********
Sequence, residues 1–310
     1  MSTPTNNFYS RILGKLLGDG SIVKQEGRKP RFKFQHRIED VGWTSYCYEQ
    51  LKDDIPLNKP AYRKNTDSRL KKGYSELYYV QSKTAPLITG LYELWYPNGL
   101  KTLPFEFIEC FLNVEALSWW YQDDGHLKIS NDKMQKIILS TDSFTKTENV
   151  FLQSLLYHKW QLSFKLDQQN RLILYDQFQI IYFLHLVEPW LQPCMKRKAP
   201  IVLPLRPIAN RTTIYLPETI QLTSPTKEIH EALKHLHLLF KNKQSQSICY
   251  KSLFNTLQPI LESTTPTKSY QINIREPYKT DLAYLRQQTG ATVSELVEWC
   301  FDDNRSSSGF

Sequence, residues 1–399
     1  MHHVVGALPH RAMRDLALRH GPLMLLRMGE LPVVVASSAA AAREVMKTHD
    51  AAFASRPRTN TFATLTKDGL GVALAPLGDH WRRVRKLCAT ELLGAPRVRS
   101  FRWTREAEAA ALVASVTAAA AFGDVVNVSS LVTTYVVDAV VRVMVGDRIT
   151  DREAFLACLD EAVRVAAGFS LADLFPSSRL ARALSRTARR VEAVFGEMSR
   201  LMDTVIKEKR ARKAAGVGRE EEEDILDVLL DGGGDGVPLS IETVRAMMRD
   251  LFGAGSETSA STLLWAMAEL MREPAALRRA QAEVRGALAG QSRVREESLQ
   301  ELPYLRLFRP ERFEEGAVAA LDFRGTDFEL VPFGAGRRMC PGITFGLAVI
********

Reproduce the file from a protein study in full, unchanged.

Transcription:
Sequence, residues 1–310
     1  MSTPTNNFYS RILGKLLGDG SIVKQEGRKP RFKFQHRIED VGWTSYCYEQ
    51  LKDDIPLNKP AYRKNTDSRL KKGYSELYYV QSKTAPLITG LYELWYPNGL
   101  KTLPFEFIEC FLNVEALSWW YQDDGHLKIS NDKMQKIILS TDSFTKTENV
   151  FLQSLLYHKW QLSFKLDQQN RLILYDQFQI IYFLHLVEPW LQPCMKRKAP
   201  IVLPLRPIAN RTTIYLPETI QLTSPTKEIH EALKHLHLLF KNKQSQSICY
   251  KSLFNTLQPI LESTTPTKSY QINIREPYKT DLAYLRQQTG ATVSELVEWC
   301  FDDNRSSSGF

Sequence, residues 1–399
     1  MHHVVGALPH RAMRDLALRH GPLMLLRMGE LPVVVASSAA AAREVMKTHD
    51  AAFASRPRTN TFATLTKDGL GVALAPLGDH WRRVRKLCAT ELLGAPRVRS
   101  FRWTREAEAA ALVASVTAAA AFGDVVNVSS LVTTYVVDAV VRVMVGDRIT
   151  DREAFLACLD EAVRVAAGFS LADLFPSSRL ARALSRTARR VEAVFGEMSR
   201  LMDTVIKEKR ARKAAGVGRE EEEDILDVLL DGGGDGVPLS IETVRAMMRD
   251  LFGAGSETSA STLLWAMAEL MREPAALRRA QAEVRGALAG QSRVREESLQ
   301  ELPYLRLFRP ERFEEGAVAA LDFRGTDFEL VPFGAGRRMC PGITFGLAVI